Bella Lucia

The Bella Lucia Story

Across 138 years, with names like César Manrique, Maestro Tito and Juan Francisco Rosa woven into the story, Bella Lucia has long been a feature of The Canary Islands.

Bella Lucia is an 81 ton, 18 Metre Schooner built in 1881 at San Telmo. Her original build cost was 30,000 Ptas – €180!. She spent her early life plying between the islands, carrying bananas, cochineal, tomatoes and passengers from island to island, based at her home port of Agaete.

Las Palmas was a frequent port of call, where her cargo would often be uploaded to larger ships for transport to northern Europe. On one such trip on 1st July 1908, carrying bananas, cochineal and three passengers, she struck the 65 ton La Rosa, sinking La Rosa, and causing extensive damage to Bella Lucia. Both crews survived the experience.

Repaired in Las Palmas, she continued to work, suffering two more accidents, one with another sailing vessel in 1914, and then with a steam ship off Fuerteventura. Each time she was repaired and she even carried Canarian immigrants to Venezuela in the 1940’s.

In the mid 1950’s she ran aground in Lanzarote during a southerly storm and was again repaired and started a new life as a fishing boat. By the 1970’s, tourism was starting in Lanzarote, and Bella Lucia was put to work as a tourist boat. But the various entrepreneurs who tried to sell trips aboard her were ahead of their time, and there just weren’t enough people visiting the island to pay for the upkeep of the vessel, which was by then approaching 100 years old and was falling into a sorry state.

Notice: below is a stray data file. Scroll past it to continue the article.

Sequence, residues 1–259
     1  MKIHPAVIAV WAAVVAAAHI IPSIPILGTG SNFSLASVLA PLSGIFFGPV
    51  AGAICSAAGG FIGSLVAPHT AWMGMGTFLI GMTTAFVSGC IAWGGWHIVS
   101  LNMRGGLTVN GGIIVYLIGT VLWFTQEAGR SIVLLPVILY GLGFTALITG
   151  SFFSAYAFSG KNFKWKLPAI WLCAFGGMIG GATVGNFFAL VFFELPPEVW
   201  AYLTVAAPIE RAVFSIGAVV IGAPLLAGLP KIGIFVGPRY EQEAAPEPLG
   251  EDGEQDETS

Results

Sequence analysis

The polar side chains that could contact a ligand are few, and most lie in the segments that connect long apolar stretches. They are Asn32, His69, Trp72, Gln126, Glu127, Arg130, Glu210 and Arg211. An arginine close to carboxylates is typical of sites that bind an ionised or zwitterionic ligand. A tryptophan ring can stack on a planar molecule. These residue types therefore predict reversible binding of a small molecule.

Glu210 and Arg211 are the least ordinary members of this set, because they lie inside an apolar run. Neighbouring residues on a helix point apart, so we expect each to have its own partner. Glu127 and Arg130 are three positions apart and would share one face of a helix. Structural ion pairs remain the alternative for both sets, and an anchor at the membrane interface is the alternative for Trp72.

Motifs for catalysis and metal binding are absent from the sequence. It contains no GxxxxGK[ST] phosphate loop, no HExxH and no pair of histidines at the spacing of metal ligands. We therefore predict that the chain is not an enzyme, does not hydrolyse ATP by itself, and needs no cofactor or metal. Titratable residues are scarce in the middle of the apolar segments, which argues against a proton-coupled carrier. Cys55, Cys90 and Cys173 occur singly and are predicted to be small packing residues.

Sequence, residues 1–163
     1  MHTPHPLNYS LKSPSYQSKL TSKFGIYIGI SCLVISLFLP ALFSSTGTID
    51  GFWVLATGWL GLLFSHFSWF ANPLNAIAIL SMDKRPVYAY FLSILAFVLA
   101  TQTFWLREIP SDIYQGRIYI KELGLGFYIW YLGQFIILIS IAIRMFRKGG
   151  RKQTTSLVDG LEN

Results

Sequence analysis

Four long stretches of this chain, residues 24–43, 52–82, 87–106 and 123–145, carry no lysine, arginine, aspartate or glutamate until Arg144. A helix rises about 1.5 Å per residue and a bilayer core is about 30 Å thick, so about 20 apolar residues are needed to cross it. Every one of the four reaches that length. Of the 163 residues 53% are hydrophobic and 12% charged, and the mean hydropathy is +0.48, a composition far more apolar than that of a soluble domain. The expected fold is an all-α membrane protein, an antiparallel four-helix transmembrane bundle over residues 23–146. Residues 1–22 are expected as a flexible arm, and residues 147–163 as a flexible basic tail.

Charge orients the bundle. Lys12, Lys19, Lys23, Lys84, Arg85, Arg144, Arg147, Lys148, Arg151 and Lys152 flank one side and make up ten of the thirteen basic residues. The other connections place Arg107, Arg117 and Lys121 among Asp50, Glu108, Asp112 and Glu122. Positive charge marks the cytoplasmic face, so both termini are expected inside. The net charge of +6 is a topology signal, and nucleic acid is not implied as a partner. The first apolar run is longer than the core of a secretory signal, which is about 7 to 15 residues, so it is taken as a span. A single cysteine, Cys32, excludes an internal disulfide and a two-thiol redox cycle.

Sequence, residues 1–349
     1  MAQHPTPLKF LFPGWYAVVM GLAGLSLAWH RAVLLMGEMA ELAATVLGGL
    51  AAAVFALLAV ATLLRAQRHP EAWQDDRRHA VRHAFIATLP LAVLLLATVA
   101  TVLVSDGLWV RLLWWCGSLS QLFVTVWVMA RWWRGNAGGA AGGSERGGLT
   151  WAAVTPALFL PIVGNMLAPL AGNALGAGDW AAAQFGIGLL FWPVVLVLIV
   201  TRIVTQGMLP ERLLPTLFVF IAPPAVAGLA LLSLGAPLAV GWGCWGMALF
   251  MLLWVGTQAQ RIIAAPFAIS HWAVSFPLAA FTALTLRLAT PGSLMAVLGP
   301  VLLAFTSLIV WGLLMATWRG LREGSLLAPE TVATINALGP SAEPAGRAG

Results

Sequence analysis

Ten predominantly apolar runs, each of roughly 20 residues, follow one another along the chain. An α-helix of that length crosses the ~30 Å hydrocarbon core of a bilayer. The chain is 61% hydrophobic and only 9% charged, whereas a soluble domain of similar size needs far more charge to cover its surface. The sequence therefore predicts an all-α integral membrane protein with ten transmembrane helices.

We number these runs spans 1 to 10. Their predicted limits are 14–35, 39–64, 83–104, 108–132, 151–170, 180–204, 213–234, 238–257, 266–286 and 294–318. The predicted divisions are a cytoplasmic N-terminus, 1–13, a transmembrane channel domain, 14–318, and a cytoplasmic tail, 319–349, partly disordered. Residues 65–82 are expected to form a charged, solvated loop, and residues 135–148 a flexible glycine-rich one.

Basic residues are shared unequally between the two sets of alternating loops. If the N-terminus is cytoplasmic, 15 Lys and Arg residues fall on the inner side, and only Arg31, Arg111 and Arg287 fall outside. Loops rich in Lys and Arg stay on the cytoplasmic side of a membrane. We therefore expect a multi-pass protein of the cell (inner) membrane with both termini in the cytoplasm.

This is where César Manrique came into the picture, as ever keen on preserving a link to the Canarian heritage. He arranged for Bella Lucia to be moved to Maestro Tito’s workshop, with the aim of commissioning him to restore the vessel.

Work on the full restoration didn’t start until businessman Juan Francisco Rosa bought Bella Lucia, and he commissioned Tito to spare no expense on a full restoration, using new timbers, but working in the traditional way. Sadly, Tito died during the work, but it was continued by his nephew, and Bella Lucia sailed again.

As well as a full set of new sails, Bella Lucia now has a 268HP diesel engine, two generators, air conditioning, heating, a full kitchen and 4 triple and 2 double cabins.

She is truly magnificent, and spends time moored in each of Lanzarote’s marinas.

She has her own website, where you can see more information, images and even plans: Bella Lucia.

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